Science and nature
in R. S. Thomas

This chapter is concerned with looking through that change in vocabulary and into the more exact nature of R. S. Thomas's struggle with the machine and, finally, into his ideas concerning pure science. There are a handful of poems in which, with William Wordsworth, Thomas envisions a possible unity between applied science and poetry. The chapter examines these in detail. To contextualise Thomas's position, many of the 'objections' to applied science are echoed by his Welsh contemporary, the poet David James Jones, most often referred to by his bardic name of Gwenallt. The chapter discusses these objections. It looks briefly at one further implication for Thomas of the machine's destruction of what he sees as a more ancient relationship between humankind and the earth. The chapter closes by examining Thomas's use of irony in the later poems on applied science.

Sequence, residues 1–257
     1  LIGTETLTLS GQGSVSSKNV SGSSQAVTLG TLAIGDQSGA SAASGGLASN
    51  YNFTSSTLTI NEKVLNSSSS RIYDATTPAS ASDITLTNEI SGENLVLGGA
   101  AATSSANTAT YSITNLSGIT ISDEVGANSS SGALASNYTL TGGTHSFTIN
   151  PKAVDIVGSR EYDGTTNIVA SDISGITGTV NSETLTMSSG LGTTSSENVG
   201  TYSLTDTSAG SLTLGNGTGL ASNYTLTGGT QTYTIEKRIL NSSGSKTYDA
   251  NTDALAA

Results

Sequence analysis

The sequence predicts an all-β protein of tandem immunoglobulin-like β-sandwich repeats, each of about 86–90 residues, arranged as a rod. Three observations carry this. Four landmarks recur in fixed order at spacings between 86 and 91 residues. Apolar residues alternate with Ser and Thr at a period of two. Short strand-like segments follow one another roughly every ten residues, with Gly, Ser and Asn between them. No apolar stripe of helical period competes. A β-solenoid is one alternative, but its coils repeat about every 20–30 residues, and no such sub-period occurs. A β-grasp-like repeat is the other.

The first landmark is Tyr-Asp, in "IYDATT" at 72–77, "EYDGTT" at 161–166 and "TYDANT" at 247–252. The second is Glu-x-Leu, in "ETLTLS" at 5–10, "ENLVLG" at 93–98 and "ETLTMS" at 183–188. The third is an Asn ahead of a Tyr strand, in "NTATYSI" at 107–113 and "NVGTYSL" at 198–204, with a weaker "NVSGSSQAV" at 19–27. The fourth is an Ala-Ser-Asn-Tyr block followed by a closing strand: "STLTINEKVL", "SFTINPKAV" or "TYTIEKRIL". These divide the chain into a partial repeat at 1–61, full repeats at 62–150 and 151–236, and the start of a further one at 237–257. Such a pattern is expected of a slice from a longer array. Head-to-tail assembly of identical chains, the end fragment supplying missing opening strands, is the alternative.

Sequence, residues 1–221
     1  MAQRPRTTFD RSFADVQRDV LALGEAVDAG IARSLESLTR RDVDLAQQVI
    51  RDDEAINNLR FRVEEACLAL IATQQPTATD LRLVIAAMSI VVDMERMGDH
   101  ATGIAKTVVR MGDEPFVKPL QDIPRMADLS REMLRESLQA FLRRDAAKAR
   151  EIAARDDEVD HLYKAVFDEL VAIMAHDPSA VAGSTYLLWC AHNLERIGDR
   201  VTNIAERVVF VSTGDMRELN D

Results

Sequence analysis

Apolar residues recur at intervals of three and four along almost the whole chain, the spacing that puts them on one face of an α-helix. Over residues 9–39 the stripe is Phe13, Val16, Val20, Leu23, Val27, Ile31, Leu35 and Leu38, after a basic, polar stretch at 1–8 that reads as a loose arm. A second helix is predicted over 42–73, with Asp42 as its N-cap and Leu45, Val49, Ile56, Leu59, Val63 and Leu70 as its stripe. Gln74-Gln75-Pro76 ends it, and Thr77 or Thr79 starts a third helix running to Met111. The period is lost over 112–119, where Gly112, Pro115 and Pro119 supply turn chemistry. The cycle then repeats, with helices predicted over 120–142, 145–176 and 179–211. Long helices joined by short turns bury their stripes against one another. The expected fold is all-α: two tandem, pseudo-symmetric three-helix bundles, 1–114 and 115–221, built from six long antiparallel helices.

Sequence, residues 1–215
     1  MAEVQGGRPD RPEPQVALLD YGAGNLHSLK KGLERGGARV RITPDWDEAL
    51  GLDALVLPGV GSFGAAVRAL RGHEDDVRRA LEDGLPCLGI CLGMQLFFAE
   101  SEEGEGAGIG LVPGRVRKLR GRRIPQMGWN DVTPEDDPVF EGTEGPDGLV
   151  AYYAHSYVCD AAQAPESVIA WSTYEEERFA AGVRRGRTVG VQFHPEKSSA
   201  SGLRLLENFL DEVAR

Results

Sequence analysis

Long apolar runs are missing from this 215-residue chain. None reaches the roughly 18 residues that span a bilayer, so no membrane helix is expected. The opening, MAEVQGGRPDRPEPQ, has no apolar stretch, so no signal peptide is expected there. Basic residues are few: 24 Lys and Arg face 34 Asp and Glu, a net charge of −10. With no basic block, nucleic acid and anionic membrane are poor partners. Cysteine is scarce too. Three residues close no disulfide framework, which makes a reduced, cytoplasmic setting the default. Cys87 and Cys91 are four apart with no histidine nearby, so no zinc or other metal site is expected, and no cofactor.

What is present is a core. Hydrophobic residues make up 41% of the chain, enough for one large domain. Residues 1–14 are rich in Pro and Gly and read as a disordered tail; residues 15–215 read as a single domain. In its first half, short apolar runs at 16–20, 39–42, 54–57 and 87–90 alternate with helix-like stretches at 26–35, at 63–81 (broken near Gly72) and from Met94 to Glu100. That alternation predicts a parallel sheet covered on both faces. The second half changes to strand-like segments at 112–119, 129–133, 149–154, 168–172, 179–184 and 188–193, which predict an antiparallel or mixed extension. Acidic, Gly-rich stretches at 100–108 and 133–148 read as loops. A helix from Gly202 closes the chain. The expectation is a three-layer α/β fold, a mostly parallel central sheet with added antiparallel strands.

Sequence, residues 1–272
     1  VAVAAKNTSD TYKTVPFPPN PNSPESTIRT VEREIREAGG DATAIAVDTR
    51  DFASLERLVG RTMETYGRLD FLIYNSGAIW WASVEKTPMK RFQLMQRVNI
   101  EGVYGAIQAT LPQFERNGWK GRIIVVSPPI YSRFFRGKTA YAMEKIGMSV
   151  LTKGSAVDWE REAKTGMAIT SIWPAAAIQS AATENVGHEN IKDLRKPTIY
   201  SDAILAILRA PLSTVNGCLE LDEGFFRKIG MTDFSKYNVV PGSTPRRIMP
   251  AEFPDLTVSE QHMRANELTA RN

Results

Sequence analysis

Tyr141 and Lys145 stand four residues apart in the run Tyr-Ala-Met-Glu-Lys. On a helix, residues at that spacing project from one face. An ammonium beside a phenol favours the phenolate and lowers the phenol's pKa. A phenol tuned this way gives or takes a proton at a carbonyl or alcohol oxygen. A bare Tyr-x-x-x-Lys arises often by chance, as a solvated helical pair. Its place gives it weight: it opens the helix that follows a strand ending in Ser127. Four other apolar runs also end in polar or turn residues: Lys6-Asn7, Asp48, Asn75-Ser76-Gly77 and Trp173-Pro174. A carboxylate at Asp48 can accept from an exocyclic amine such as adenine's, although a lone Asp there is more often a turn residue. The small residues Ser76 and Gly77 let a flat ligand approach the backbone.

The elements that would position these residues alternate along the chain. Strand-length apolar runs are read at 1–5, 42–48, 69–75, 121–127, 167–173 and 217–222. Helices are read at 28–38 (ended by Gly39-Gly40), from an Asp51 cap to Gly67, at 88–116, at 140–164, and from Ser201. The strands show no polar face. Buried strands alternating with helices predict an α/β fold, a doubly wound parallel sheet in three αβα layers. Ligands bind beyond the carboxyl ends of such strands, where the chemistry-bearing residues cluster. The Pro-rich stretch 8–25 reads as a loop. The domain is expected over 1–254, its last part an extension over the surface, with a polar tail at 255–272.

R. S. Thomas

Identity, environment, and deity


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